Citizen journalism is not only about public citizens being involved in news gathering and reporting. It has facets and variations.
To avoid confusion, Steve Outing of Poynter.org wrote about the types of citizen journalism to avoid confusion and to help media institutions and laymen alike to understand the concepts about it. He “layered” them into 11, which I’ll summarize into 2 categories: has mainstream media involvement and purely independent reporting.
Has mainstream media involvement
This category is basically about mainstream media institutions which allows the public to participate in journalism.
One of the defining feats of citizen journalism is that it’s mostly found online, where a lot of people has the freedom to post information. A lot of news Web sites allowed interactive users to post comments on the articles written by professional journalists. The comments ranges from public opinions to additional information that was overlooked by the professional reporter.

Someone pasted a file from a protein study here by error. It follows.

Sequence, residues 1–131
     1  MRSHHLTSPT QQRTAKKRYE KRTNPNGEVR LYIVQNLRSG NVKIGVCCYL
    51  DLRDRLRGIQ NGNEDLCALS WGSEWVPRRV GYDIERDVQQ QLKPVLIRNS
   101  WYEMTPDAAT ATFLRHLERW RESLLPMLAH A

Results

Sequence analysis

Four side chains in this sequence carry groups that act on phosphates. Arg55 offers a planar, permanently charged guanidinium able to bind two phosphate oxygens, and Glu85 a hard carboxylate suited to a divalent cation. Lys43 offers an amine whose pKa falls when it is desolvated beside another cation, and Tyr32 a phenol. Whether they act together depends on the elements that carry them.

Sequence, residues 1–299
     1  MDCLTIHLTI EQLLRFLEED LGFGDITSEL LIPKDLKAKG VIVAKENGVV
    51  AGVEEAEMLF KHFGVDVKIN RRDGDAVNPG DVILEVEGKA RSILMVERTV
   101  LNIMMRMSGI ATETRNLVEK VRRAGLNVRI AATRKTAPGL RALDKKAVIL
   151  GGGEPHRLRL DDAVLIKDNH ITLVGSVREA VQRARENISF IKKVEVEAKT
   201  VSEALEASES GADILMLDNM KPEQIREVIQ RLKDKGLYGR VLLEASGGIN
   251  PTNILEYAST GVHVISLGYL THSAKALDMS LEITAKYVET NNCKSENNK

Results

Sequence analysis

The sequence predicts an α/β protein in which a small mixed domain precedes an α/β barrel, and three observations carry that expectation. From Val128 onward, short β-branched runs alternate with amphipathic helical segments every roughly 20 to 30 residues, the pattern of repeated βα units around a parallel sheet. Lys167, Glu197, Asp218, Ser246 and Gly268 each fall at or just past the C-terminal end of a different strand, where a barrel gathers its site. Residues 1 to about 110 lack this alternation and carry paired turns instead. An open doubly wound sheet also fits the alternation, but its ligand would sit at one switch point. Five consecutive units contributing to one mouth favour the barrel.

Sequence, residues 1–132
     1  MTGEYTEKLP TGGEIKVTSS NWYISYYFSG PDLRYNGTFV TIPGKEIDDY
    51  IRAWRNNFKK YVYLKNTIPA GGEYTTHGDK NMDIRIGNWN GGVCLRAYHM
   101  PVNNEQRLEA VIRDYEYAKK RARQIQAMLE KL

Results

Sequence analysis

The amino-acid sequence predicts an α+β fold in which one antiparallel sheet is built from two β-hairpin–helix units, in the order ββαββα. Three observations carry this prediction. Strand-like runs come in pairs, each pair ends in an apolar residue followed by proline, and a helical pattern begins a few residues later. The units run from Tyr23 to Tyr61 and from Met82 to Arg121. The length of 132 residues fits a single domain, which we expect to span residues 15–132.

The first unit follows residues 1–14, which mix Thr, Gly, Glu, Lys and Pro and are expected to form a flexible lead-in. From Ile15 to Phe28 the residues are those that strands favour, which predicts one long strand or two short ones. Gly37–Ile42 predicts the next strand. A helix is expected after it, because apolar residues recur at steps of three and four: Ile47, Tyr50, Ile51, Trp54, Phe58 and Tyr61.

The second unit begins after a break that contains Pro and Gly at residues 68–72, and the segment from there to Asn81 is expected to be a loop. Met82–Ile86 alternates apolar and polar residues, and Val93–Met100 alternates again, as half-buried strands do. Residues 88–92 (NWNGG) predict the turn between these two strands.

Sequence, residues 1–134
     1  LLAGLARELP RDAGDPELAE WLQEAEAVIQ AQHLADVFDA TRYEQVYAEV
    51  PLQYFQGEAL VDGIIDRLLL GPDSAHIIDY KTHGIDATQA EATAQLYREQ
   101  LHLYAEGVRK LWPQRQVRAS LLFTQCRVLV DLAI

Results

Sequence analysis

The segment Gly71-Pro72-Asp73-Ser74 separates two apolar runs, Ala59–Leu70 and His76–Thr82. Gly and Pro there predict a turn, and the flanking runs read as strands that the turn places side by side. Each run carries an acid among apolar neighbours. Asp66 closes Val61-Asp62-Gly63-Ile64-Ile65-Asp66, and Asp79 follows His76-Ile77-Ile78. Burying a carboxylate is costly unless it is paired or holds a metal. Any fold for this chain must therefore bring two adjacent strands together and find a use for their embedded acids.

Examples of news Web sites in the Philippines which allow netizens to post comments are Rappler.com and Inquirer.net.
Media institutions can also include a segment wherein the general public can write or submit their own stories. One example of this is 24 Oras’ Youscoop. Newsroom staff can also invite general readers to write about their own opinions pertaining to a certain issue. One example of this is Rappler’s iSpeak.
A citizen can write about his/her experience about a certain relevant issue which a professional journalist can use for his/her report (e.g. a massive accident in which the public citizen is a witness). A professional journalist can also work hand-in-hand with general readers who are experts- who are public citizen themselves- to do the reporting.